“Here in Brazil we don’t network — we make friends.”
I remember the first time I heard this phrase. As I replayed the words in my head, I recalled the journey that led to the launch of our first South American office. I thought about the business relationships my partner and I formed; the friendships we made along the way. So much of our work in Brazil doesn’t feel like work, but rather like building bonds.
In the U.S., professional networking has a mixed connotation (at least to me it does). Indeed, for many, the word conjures images of large, impersonal conference centers, unwieldy client management software and pesky emails. However, my experience in Brazil taught me, networking — when viewed as relationship building — can be an incredibly valuable skill. We just need to change the way we think about it personally and professionally.
As the co-founder of an education company, I urge families to consider the school’s alumni network when selecting a university for their child. Reframing the conversation about college admissions in this way better prepares students for the workforce. They recognize the school they attend is not just a place to acquire knowledge, but to build relationships. The same holds true for professionals who attend graduate school or any other form of higher education. It’s essential to ask yourself not only what you will learn, but also who you will meet there.
Change the way you network
There are few things that bother me more than scripted cold emails or forced interactions. Whether you meet someone at a conference, via an introduction or on a networking app, always follow up with a personalized approach. Reference specific points from the conversation, and continue to keep your exchanges personalized from there on out.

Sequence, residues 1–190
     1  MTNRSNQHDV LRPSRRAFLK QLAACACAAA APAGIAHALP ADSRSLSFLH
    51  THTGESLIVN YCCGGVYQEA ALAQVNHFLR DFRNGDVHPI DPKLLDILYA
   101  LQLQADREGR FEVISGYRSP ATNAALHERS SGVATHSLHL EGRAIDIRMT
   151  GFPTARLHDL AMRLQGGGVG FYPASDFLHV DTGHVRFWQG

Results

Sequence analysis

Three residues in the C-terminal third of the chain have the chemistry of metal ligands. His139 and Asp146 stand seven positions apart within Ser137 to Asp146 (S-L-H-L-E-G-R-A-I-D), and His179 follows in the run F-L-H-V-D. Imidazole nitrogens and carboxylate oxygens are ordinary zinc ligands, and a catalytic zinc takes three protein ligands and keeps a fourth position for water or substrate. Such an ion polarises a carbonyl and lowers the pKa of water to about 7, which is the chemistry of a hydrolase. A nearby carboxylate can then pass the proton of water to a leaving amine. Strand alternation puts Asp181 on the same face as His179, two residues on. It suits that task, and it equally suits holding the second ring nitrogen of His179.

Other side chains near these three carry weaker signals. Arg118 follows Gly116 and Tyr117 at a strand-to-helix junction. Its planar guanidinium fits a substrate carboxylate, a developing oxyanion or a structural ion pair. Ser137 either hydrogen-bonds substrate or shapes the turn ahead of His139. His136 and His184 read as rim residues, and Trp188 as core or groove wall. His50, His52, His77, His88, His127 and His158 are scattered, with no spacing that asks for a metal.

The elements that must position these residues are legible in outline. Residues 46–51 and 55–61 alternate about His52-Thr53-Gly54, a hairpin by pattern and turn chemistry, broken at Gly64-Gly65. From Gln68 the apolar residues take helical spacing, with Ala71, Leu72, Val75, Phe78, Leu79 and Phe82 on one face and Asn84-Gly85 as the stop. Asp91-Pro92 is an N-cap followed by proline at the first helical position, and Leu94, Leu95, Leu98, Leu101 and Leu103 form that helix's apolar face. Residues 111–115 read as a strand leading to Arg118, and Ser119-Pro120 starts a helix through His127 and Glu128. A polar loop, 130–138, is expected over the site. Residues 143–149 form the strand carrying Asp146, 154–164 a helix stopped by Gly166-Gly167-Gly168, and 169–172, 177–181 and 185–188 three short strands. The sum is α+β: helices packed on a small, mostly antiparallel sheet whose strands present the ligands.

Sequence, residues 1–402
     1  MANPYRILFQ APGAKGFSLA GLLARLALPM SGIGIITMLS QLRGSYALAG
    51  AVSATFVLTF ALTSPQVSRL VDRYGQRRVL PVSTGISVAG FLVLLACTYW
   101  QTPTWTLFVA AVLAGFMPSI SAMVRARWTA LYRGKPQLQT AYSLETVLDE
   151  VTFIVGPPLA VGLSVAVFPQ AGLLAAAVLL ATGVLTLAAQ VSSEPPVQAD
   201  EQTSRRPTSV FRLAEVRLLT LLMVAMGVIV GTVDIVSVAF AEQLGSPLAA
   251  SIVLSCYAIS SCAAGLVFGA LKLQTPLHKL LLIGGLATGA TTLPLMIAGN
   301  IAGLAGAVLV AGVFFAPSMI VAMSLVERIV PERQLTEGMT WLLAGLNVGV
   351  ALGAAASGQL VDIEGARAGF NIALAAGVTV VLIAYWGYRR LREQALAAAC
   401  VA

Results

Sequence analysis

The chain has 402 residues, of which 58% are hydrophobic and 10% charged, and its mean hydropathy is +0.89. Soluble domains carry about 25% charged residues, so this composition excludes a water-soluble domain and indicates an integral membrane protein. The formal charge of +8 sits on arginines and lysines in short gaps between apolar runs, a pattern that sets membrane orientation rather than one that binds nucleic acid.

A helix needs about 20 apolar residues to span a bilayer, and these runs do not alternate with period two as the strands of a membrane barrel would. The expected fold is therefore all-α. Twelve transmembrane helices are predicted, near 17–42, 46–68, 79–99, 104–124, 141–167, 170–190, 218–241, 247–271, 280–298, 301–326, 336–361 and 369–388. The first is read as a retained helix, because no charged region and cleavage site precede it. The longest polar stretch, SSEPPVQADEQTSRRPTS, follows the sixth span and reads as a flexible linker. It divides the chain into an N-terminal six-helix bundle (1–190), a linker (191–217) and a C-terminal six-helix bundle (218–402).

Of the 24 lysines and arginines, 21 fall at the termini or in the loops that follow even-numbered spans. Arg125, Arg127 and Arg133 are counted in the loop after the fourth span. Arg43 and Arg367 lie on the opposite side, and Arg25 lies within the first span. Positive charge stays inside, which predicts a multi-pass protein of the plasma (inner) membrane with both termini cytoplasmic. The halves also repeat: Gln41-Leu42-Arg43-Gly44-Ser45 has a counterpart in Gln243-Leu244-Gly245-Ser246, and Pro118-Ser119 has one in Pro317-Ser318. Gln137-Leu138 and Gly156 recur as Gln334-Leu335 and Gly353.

Networking is not a one-size-fits-all activity, so your approach shouldn’t be either. When you think of networking as an opportunity to make friends, it’s only natural to share information and exchange knowledge. Think of what would pique the interest of each one of your contacts. This way, when you stumble across an interesting article or learn something new, you’ll know just who to share it with. If you keep your contacts top of mind, they’ll reciprocate.
Leverage the right networking tools
Years ago, at my company, we attempted to implement Salesforce, a customer success platform with CRM as their flagship product. Given the personalized and customized nature of our interactions we found we needed a system that was–you guessed it–more personalized and customizable. So, we made one of our own.
For my co-founder and me, it’s important that the platforms we use offer maximum flexibility and accessibility on the go. With this in mind, we created a Trello board — which we designed according to our own needs — to track our interactions with our clients and prospects: who they are, how we met them and when we were last in touch.
Most importantly, the very exercise of creating such a system forces you to be thoughtful about how you’re building relationships. No matter what networking apps or CRM tools you use, it’s essential to keep your contacts organized. Just be sure to choose one that works for you.
Reframing my sense of how networking works has transformed me from a skeptic into an enthusiast, albeit perhaps a little late. I truly believe that starting a conversation about networking and its value in education will change the culture that surrounds it. In the process it will create more thoughtful future business leaders.
Just think of all the new friendships waiting to be made.
This article has been edited.
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